Skip Navigation

Welcome to Bedford Borough Council

Home > Community Histories > Husborne Crawley > The Swan Inn Husborne Crawley

The Swan Inn Husborne Crawley

The Swan shown on a map of 1883
The Swan shown on a map of 1883

The Swan Inn: the corner of School Lane and Crow Lane, Husborne Crawley 

The first mention of this public house is in August 1710 when Sarah Abbott of Heath & Reach, widow gave it to John Barnwell, also of Heath & Reach, husbandman, her son [R6/29/2/1-2]. The building was described at that stage simply as a cottage and was occupied by William Barnwell.

In 1777 John Barnwell's eldest son, also called John, sold the building to Abigail Sheffard of Woburn, widow [R6/29/2/3-4]. By then it was described as a messuage known by the sign of the Swan and so was clearly a licensed premises. A small piece of pasture (a pightle) adjoined it and it is described as abutting the King's Highway and "Hollywell" to the north (the modern School Lane) and a lane leading to The Heys to the west (the modern Crow Lane). The adjoining field to the south east was known by the macabre name of Flesh Hooks.

Ten years later, in October 1787, Abigail Sheffard sold the public house to Richard Ambrose Reddall of Woburn [R6/29/2-5], who already owned three pubs in Woburn (the Bell, Royal Oak and Sun) as well as one, the Bell, in Aspley Guise. In his will of 1841 Reddall left all his property to his wife Ann [R6/29/2/8]. After Ann's death he determined that the Swan as well as the Bell, Aspley Guise, should go to his nephew Robert Reddall Williamson of Cheltenham [Gloucestershire]; the Royal Oak in Woburn to his cousins Henry Land and Henry's sister Charlotte and the Bell and Sun in Woburn to his cousin John Land.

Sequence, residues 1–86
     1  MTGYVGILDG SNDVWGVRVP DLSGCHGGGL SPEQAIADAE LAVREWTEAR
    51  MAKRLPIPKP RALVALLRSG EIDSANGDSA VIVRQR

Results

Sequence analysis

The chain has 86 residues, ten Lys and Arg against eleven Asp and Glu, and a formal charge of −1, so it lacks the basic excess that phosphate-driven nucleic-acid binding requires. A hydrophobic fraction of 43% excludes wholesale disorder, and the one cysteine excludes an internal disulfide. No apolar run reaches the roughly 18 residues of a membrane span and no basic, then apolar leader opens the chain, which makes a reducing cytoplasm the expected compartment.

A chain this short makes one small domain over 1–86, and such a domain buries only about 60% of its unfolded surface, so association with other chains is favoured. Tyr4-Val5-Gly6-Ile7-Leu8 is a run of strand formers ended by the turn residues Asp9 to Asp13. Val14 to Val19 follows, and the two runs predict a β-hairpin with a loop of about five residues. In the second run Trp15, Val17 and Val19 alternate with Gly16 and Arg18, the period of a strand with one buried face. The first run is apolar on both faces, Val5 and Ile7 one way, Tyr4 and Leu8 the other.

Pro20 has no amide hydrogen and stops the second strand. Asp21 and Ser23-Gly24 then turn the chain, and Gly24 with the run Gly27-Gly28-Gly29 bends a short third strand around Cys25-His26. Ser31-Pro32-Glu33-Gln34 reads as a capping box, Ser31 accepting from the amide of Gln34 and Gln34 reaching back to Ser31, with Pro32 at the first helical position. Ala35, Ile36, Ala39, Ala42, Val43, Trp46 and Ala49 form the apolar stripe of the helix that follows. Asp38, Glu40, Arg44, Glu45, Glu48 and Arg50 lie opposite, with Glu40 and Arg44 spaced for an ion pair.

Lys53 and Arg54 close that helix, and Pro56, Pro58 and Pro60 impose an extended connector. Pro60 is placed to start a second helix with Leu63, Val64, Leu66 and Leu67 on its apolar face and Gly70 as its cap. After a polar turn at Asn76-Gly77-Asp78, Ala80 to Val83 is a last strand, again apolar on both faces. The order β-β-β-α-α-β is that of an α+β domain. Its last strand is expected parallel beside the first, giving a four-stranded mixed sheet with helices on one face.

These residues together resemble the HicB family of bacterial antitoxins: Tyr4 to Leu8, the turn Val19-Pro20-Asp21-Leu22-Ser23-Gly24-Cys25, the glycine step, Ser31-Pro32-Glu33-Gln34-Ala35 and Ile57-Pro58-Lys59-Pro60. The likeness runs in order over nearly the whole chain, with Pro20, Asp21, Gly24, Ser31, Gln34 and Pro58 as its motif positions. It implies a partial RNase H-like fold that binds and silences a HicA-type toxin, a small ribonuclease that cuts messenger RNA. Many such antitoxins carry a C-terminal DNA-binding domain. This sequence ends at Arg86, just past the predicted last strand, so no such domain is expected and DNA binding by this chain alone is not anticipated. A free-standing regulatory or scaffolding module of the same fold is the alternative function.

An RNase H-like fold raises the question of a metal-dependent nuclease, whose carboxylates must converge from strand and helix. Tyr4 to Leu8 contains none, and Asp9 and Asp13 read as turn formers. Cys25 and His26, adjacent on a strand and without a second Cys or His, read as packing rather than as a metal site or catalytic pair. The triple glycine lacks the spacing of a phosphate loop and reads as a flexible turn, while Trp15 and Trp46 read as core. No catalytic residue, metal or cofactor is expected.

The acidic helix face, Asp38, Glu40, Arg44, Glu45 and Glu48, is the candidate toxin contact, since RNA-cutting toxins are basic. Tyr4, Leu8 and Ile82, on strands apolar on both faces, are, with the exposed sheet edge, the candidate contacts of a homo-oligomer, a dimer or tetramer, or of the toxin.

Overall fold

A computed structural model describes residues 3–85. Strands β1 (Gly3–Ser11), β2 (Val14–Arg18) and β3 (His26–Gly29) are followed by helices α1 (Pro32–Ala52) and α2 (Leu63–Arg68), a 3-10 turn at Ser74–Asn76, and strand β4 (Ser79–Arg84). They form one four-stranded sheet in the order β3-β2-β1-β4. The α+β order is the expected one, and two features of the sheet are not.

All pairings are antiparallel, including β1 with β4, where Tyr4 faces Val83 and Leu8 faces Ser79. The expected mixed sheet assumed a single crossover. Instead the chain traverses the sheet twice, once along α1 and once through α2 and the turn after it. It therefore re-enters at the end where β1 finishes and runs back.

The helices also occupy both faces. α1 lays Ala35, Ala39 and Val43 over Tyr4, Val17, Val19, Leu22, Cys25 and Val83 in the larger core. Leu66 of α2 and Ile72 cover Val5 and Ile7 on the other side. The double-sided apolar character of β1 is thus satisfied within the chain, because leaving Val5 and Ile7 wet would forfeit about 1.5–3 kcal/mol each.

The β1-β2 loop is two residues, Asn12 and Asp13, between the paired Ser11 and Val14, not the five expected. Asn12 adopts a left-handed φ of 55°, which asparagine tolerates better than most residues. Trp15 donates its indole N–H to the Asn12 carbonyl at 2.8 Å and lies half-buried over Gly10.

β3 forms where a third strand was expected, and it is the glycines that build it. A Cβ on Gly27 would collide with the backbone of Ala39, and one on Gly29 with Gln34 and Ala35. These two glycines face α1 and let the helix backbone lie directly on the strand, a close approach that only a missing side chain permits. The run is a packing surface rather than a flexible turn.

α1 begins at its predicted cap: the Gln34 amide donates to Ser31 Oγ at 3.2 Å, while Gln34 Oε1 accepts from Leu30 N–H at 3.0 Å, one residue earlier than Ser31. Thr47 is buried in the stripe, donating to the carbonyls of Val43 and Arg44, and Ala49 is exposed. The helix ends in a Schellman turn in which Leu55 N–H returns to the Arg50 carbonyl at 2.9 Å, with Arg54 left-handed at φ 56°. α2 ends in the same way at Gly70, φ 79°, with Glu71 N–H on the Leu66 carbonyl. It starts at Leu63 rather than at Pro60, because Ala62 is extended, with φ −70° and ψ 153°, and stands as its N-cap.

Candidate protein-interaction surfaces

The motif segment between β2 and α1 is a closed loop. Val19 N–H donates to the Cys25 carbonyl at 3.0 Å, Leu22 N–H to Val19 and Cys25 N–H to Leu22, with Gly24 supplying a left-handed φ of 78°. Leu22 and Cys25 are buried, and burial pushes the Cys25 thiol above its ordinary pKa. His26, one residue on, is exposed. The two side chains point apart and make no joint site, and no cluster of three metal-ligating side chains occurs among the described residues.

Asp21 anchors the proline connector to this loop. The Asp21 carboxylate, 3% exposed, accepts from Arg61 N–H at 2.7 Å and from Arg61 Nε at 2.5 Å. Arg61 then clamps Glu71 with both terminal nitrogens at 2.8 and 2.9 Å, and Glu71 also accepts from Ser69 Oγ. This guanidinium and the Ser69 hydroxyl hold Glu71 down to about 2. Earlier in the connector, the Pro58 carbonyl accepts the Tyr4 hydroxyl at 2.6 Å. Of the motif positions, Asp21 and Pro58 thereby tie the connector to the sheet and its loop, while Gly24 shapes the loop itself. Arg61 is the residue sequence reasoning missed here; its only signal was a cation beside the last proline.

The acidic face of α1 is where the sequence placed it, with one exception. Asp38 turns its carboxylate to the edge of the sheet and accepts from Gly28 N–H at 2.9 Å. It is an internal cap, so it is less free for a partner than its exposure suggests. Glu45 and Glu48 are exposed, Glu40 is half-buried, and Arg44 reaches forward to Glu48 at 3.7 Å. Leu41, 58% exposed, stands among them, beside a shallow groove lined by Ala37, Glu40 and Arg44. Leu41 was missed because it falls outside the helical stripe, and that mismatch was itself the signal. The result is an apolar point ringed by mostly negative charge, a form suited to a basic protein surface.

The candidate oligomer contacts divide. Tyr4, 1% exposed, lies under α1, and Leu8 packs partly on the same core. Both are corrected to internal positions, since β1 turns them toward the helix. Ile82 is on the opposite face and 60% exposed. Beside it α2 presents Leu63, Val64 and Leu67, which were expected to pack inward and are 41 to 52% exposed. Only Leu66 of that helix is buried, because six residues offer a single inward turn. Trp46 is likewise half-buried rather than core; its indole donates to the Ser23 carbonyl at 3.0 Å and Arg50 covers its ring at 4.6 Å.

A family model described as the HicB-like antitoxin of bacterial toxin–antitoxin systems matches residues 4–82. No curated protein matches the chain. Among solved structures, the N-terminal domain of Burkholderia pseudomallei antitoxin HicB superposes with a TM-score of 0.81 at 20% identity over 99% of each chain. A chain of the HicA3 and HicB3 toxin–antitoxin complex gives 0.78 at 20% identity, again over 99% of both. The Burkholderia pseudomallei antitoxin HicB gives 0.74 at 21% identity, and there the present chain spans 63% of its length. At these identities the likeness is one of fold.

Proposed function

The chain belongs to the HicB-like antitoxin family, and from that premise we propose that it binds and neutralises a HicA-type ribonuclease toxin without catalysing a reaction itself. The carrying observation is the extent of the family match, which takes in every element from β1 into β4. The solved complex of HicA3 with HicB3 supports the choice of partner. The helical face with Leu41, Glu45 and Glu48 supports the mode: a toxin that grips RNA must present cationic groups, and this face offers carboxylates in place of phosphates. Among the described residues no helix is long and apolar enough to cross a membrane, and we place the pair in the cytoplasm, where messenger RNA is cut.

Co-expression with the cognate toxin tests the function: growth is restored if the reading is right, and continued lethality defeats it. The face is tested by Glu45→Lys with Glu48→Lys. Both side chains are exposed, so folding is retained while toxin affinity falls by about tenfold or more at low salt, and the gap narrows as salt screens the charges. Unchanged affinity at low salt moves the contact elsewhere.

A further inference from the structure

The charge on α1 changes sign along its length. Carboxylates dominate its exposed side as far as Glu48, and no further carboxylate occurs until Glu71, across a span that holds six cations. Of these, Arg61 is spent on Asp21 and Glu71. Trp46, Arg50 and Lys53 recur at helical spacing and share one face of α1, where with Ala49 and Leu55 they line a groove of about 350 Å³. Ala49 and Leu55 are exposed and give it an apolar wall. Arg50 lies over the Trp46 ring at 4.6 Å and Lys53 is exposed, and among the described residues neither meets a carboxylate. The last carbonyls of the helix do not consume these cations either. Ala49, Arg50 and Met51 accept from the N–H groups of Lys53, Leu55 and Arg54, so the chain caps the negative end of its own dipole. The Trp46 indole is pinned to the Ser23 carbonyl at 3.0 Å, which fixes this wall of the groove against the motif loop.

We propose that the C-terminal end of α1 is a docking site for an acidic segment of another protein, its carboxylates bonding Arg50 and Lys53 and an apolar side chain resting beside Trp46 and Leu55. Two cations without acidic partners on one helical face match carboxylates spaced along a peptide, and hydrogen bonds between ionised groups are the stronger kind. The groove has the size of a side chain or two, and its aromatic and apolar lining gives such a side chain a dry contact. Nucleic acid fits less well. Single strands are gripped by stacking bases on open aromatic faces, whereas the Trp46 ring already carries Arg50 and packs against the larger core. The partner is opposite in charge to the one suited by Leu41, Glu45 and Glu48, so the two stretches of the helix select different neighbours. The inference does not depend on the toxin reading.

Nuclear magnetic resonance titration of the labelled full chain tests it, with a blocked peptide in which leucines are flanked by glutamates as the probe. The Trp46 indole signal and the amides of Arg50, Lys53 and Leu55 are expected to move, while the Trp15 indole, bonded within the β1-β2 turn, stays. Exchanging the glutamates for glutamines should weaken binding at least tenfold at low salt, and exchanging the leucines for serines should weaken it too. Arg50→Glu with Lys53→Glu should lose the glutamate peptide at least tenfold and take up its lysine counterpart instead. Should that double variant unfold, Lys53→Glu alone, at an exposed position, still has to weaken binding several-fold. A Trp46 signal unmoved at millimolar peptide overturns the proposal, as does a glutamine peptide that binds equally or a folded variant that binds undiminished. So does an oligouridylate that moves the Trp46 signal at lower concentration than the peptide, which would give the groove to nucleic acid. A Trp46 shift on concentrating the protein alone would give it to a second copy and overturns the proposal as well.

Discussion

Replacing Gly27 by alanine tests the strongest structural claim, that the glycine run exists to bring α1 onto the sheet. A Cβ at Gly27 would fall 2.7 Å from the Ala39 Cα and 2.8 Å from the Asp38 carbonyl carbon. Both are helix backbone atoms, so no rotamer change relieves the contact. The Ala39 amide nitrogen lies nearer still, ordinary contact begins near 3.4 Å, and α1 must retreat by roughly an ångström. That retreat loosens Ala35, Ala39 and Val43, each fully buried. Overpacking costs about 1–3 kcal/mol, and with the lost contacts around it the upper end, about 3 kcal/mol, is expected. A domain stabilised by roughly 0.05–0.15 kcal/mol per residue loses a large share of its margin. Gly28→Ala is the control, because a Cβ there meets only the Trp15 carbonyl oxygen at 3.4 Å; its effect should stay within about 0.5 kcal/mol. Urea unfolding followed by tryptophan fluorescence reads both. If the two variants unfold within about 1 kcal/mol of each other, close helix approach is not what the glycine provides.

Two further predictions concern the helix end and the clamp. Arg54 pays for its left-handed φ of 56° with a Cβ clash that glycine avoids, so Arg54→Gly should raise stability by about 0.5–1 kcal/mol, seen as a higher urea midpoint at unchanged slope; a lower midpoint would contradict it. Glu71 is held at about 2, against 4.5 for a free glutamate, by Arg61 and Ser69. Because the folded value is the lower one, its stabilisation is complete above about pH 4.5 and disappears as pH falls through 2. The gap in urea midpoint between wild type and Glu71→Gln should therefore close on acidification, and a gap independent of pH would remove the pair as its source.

When Ann Reddall died in 1863, aged 91, Williamson quickly sold the Swan to the Duke of Bedford, it was then described as part of a site of one rood, seventeen perches and containing a brewhouse and outbuildings as well as a garden [R6/29/2/11] so clearly the Swan brewed its own beer. The Swan appears on the first edition Ordnance Survey map, surveyed around 1880 but by the time of the second map of 1901 had been pulled down and the site left empty. The Rating and Valuation Act 1925 specified that every building and piece of land in the country was to be assessed to determine its rateable value. Husborne Crawley, like much of the county, was assessed in 1927 and the valuer visiting the site of the Swan [DV1/C54/74] found that it was still owned by the Duke of Bedford and was included in the land attached to 95 School Lane, rented by Charles Rowland.

Licencees: note that this is not a complete list and that dates are not necessarily beginning or end dates, merely the first/last date which can be confirmed from sources such as directories and deeds:

before 1777: Russell Ambridge;
1777-1787: John Barnes;
1822: John Barnewell;
1828-1842: Sarah Barnewell;
before 1861: Joseph Barnwell;
1861-1877: William Grace
public house closed in the late C19th

References of Documents held by Bedfordshire & Luton Archives & Records Service

  • R6/29/2/1-2: conveyance: 1710;
  • R6/29/2/3-4: conveyance; 1777;
  • R6/29/2/5: conveyance: 1787;
  • R6/29/2/8: will of Richard Ambrose Reddall: 1841, proved 1842;
  • R6/29/2/10: abstract of title: 1863;
  • R6/29/2/11: conveyance: 1863.